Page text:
Simon Saunders: Good morning, I am Simon Saunders, Ofcom’s director of emerging and online technology. I have worked on mobile network technology since 1991, before there was 1G, all the way through to current work on today’s and future implementations of 5G. Last week we published a round-up of technologies that could form the basis of future 6G networks. I have worked for mobile equipment vendors, operators, large end users and software companies. I founded and chaired an industry association, the Small Cell Forum, where I led a previous initiative on interoperability and open standards—in that case, in 3G—and I have invented a number of mobile technologies.
Today, I lead Ofcom’s technical work on diversification, including Open RAN. I provide technical advice on behalf of Ofcom to the telecoms diversification taskforce. I hope I can help the Committee with issues on diversification, Open RAN and Ofcom’s potential role in that area.
Thank you both very much. James Wild will start the questions, followed by Sara Britcliffe.
Lindsey Fussell: I think I will lead on that one, if that is all right. Thank you for the question. I will start by clarifying Ofcom’s role in the two parts of the Bill—I am sure we will talk about both. We have a significant role in relation to the telecoms security requirements, where we will have the obligation of monitoring and enforcing operators’ compliance against them. In relation to high-risk vendors, our involvement is rather more limited. The Secretary of State will have the power to direct us to collect factual information from the operators, but the question of monitoring, compliance and enforcement then rests with the Secretary of State. I thought it might be helpful to clarify the two different roles before we got going.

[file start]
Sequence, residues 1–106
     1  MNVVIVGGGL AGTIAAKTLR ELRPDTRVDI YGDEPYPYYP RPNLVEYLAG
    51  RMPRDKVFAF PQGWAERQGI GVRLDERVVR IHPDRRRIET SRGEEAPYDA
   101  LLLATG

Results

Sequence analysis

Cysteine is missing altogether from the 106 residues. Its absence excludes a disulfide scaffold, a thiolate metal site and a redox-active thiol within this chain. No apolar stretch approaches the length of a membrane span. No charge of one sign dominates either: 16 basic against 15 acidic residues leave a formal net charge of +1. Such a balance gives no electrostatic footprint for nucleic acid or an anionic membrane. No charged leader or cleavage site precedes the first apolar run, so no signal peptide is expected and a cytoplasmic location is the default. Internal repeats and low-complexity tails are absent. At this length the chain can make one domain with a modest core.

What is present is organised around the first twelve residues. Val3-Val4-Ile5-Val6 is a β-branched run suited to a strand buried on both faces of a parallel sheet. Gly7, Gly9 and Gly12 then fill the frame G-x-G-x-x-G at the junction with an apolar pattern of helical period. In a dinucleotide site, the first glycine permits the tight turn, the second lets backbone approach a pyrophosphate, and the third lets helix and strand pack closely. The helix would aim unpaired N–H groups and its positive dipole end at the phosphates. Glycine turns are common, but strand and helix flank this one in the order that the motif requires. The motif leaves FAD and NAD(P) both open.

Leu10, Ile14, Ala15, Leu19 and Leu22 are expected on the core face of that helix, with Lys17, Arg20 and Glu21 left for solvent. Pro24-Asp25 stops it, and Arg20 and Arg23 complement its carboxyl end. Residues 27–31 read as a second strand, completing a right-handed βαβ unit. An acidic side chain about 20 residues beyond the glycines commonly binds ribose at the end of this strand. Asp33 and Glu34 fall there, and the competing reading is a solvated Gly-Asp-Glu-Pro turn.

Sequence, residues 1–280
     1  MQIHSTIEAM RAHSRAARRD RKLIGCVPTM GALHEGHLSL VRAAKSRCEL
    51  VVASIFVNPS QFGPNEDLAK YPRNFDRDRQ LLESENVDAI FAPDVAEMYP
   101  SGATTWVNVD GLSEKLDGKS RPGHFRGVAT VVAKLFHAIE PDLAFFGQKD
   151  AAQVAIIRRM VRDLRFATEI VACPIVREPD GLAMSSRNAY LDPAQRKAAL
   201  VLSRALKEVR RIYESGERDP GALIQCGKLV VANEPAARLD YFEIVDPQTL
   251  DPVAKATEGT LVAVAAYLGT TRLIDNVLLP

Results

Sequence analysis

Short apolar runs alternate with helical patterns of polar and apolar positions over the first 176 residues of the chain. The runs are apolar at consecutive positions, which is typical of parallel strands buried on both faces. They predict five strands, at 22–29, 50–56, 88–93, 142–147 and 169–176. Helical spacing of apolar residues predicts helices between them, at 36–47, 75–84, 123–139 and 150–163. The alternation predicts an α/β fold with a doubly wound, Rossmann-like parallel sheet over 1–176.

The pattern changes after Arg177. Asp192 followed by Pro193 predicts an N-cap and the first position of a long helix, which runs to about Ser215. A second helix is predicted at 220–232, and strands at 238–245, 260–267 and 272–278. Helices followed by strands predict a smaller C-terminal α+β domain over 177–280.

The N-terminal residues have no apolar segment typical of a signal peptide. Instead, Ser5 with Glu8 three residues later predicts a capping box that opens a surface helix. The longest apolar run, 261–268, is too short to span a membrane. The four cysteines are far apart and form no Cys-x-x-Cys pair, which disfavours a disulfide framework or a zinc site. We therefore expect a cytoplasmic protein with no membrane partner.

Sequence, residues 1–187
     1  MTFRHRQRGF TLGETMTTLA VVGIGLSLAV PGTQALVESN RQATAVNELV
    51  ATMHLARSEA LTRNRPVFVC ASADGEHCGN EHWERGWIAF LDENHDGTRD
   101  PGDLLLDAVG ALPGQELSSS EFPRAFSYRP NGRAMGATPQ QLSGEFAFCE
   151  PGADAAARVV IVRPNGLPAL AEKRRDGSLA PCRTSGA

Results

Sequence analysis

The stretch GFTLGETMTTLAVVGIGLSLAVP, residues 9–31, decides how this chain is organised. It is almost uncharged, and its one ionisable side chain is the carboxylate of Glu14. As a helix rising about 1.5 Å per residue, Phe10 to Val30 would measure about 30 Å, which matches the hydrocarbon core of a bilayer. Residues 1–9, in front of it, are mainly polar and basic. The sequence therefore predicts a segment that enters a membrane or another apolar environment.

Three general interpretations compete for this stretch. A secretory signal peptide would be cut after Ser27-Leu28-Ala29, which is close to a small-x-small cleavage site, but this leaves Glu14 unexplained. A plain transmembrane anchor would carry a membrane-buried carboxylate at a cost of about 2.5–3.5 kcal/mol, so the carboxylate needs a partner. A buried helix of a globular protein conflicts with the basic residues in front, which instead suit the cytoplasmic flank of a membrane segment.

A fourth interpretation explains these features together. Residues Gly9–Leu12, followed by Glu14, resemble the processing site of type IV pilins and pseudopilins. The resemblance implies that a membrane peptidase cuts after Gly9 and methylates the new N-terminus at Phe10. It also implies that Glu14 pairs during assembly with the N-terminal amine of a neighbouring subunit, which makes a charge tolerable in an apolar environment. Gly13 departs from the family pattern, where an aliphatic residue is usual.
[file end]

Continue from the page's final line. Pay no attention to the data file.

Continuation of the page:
In relation to telecoms security, as you say, these are important new responsibilities. We have existing responsibilities for network security—and have had since 2011, albeit in a more limited way—so we have a network security team in place. We are also very familiar with monitoring clients and enforcement, and with working with precisely the same set of operators that we will hear about on the remit of other responsibilities, so we have a base to start from. That absolutely does not underplay the difficulty, importance and challenge of building up our resources to deal with this. We anticipate that the cost will be around £6 million to £7 million in steady state, and we will build up a team of probably 40 to 50 new people and new resources to cope with those responsibilities.
Simon, do you have anything to add?
Simon Saunders: On our capabilities relevant to the expectations end of things, we are building on our existing capability, working with mobile operators and network providers on the equipment and the software. That is spread across Ofcom, in the leading networks group that Lindsey leads, the spectrum group, and indeed in our technology group, which I look after. In the relevant teams, we have been adding capabilities in with recent experience, with the mobile operators and mobile networks applying the formal diversification.
Lindsey Fussell: We have indeed already started to build up our team, and have had some success in recruiting people with experience of network security—from the operators, for example. We do not underplay the difficulty of doing that; I completely agree that those are sought-after resources. Frankly, it is unlikely that we will be able to compete on salary. The type of people we attract are those who are interested in looking at these questions from that broader perspective—looking across the industry—rather than in their previous roles in companies.